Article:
The Viggen first flew on 8 February 1967 by the hands of Saab chief test pilot Erik Dahlström. The flight lasted 43  minutes, during which the jet performed as expected. In 1968, Stockholm ordered 175 jets, the first of which were delivered in 1971. The typical Viggen shape, dominated by the huge wings and the canards in front of it, became a familiar sight in Swedish skies – but not elsewhere.

The Viggen was successful in Sweden, which eventually made use of no less than 329 aircraft. But competing against – yes! – the F-16 on the international fighter jet market proved to be a bridge too far for the Swedish design, which was very practical but lacked the manoeuvrability and impressive  thrust to weight ratio of the F-16.

The last of the Swedish Viggens were retired in 2007. Despite never being used by air forces outside Sweden, quite a number of Viggens are currently preserved in European aviation museums. One aircraft keeps gracing the skies as part of the Swedish Air Force Historic Flight.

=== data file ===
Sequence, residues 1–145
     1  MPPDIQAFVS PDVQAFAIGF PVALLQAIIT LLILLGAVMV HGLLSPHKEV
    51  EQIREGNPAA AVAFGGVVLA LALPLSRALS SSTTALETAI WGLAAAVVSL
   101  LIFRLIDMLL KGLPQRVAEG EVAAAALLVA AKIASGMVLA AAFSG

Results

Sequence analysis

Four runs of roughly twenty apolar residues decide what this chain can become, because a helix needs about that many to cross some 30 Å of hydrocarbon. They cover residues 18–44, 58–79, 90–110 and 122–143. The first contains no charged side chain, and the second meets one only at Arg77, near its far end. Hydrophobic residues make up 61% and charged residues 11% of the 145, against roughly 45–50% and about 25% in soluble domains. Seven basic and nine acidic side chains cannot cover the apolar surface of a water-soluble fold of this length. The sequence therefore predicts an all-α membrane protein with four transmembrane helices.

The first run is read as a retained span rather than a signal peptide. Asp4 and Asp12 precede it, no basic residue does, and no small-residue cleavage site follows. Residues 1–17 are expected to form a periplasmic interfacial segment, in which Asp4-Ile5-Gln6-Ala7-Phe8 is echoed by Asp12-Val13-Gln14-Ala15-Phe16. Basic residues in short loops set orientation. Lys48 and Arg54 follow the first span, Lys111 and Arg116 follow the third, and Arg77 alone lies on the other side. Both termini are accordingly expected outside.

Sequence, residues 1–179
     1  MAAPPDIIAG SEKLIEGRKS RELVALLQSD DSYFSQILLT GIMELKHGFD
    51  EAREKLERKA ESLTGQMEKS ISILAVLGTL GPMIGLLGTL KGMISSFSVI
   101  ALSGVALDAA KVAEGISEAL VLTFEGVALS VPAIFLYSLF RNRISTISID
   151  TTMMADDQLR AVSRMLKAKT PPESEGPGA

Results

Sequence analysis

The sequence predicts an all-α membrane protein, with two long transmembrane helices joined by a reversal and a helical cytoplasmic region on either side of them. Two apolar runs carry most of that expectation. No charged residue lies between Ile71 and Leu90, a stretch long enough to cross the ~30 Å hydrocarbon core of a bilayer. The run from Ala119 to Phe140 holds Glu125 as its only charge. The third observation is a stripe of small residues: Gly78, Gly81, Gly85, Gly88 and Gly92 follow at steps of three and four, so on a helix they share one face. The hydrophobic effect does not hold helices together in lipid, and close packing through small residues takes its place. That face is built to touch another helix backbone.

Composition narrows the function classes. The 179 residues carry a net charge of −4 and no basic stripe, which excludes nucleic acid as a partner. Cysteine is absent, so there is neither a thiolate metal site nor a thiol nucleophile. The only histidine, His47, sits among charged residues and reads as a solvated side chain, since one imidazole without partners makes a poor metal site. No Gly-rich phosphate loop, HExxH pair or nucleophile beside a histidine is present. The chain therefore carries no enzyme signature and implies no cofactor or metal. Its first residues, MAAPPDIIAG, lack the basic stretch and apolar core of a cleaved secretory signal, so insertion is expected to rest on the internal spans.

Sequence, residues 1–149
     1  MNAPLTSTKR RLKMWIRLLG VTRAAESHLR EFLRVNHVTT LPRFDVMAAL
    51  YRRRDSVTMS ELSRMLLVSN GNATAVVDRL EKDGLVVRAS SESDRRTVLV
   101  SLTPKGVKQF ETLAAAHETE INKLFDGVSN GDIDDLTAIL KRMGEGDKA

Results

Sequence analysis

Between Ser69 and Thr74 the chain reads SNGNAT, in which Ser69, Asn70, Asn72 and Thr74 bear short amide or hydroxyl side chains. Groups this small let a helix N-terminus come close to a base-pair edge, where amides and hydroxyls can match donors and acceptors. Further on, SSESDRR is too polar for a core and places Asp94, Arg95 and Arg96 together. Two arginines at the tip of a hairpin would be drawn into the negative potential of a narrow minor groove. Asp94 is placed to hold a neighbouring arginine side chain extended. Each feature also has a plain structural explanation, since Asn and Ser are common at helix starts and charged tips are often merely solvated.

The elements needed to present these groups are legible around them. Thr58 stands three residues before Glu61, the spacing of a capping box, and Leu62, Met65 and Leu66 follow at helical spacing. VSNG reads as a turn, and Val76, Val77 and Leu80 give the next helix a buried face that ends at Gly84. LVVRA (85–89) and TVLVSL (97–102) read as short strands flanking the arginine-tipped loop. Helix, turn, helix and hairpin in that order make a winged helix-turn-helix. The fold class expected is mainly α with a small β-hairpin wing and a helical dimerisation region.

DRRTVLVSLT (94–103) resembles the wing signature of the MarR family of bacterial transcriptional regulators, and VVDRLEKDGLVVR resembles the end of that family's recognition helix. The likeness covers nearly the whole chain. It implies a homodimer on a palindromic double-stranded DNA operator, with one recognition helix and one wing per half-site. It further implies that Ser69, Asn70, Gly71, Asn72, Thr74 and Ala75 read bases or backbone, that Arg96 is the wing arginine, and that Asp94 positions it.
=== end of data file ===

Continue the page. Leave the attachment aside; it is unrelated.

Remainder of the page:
© 2017 Airheadsfly.com editor Elmer van Hest

A prototype Viggen is preserved in the Flygvapenmuseum (Air Force Museum) in Malmslätt.(Image © Elmer van Hest)
Sweden is famous for its candy. Here's some eye candy in the shape of a Saab Sk37E Viggen. Nothing sweet about that, however. (Image © Elmer van Hest)
Two-seater Viggens were mostly used for electronic warfare towards the end of the Viggen’s career. (Image © Elmer van Hest)
A classic interceptor Viggen, seen at Ronneby airbase in southern Sweden. (Image © Elmer van Hest)
This Viggen was painted red to celebrate its retirement. (Image © Elmer van Hest)
The Viggen’s shape could appear weird… (Image © Elmer van Hest)
…or beautiful! (Image © Elmer van Hest)
The Swedish Air Force Historic Flight Viggen. (Image © Elmer van Hest)